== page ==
Why are kids so picky?

Can someone please explain at what point in history it was decided that children’s menus would only offer the following?

  • Hamburger/Cheeseburger with French Fries (or Chips)
  • Hot Dog/Corn Dog with French Fries (or Chips)
  • Chicken Fingers with French Fries (or Chips)
  • Macaroni and Cheese
  • Cheese Pizza
  • Plain Pasta

Sure my kids would gladly devour any of these choices, but I often wonder when it was decided that kids need a special, separate meal in the first place? Since when can’t they just eat what the adults are eating? Has it always been this way? Surely not.

It amazes me when we go to birthday parties and the food served to kids consists of pizza and cake. How is that possibly being passed off as a “complete meal” for our next generation? Where are the fruit and vegetables? When was it decided that kids would only eat a handful of simple (and somewhat bland) foods? I understand that pizza is usually a crowd pleaser, but how and when did things get to be so limited?

How did children end up with such a limited palate?

I too used to be guilty of thinking kids had a very limited palate. Not long after embarking upon our “100 Days of Real Food” pledge it dawned on me that I had never before offered my daughters a salad because…they are kids after all! That is honestly the only reason (other than the fact that we didn’t eat salad all the much in the old days), but I just assumed they wouldn’t be interested because “kids don’t like salads”…right? Well you should have seen how shocked I was when I finally offered my children a salad and saw my older daughter actually eating it. And liking it! It took much longer for my younger daughter to come around, but after lots of repeated exposure she eventually became open to the idea of salad (and more importantly began to expect it as a norm at our family dinners). That was definitely a lesson learned for me.

One thing I’ve noticed is that many kids these days will only eat foods if they look a certain way (i.e. familiar). If there is a variation from the norm then the whole meal could be a flop. Why is that? I’ll never forget this one instance (long before our real food days) when my parents were babysitting my 3-year-old niece. They knew she liked and would eat Kraft Macaroni & Cheese so that was the plan for her dinner. But what they didn’t know was since they bought Kraft “Shells” Macaroni & Cheese instead of the traditional variety that all hell would break loose. Has anyone had a similar experience?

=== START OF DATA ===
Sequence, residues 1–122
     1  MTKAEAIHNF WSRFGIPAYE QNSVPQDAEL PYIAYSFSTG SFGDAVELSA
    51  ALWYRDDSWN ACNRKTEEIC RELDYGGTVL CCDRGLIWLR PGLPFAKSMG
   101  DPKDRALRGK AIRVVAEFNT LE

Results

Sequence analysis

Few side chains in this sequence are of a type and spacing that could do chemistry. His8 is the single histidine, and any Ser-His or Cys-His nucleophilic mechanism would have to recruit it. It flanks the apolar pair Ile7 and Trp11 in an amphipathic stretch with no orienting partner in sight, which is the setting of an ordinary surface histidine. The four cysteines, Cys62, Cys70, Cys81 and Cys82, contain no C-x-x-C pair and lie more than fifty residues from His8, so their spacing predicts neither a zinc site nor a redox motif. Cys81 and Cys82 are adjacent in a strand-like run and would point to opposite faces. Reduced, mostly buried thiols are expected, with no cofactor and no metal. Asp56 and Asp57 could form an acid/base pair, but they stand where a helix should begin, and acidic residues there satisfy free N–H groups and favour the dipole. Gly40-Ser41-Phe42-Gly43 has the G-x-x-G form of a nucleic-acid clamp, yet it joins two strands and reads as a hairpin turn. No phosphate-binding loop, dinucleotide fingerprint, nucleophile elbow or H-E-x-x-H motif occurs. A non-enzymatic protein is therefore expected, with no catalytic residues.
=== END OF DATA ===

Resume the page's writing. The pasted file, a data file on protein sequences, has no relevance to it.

Do your kids willingly try new foods?

It’s no secret that food is a big part of my life and one of the things I am interested in is other people’s food choices. I am curious what choices they make and why. One thing I’ve noticed is that when I am preparing food in the kitchen and I offer my children a bite of something, they almost always take me up on it. Usually it’s something I know they love like a piece of parmesan cheese, a bite of pesto, or a roasted cashew, but I admit I occasionally take advantage of the situation and slip a piece of olive in their mouths just to be sure they still don’t like it. They’ll make a face and spit it out, but thankfully it doesn’t stop them from coming back. :)

I’ve also noticed when I offer other kids a little bite of something as well they are almost always very much against the idea of taking the sample (usually before they even know what it is). Maybe it’s because I am not their mom and they’re scared what that “Organic Miss Lisa” might try to make them eat, but their response is dramatically different than what I am used to with my own children. I bring this up because I am curious about other’s experiences when you offer your own children new foods or bites of what you might be eating. Do they act like it is straight-up poison?

Can a picky eater really be converted?

Our younger daughter used to be extremely picky so I totally get it. It was much easier and much less time consuming (and also much less likely that food would be wasted) if I only offered her what I knew she would eat. I recently came across a document I’d typed up – for the same babysitting grandparents mentioned above – that was a complete list of all the foods my younger daughter would eat (she was 3 at the time). Let me tell you that it was a very short list with a mere 31 items on it including Spaghettio’s, Goldfish, Graham Crackers, only 1 dish containing meat (spaghetti sauce), 5 types of fruit, and only 1 vegetable (frozen peas).

Looking back I am amazed at how far this child has come. She was one of those that would spit out her baby food before she knew it was fun to annoy mommy by not liking anything. Her palate was dramatically different than our older daughter’s from day one. But after two years (since taking our pledge) of repeatedly offering her a variety of different foods she thankfully now has a broader palate than most adults. I will be the first to tell you it has not been easy, and many months passed before any of our efforts started to pay off. But since this is one of my only first-hand examples of watching a child’s eating habits change over time, I wonder if I can really attribute the change in her to something we’ve done or if she would have grown out of that picky phase on her own regardless?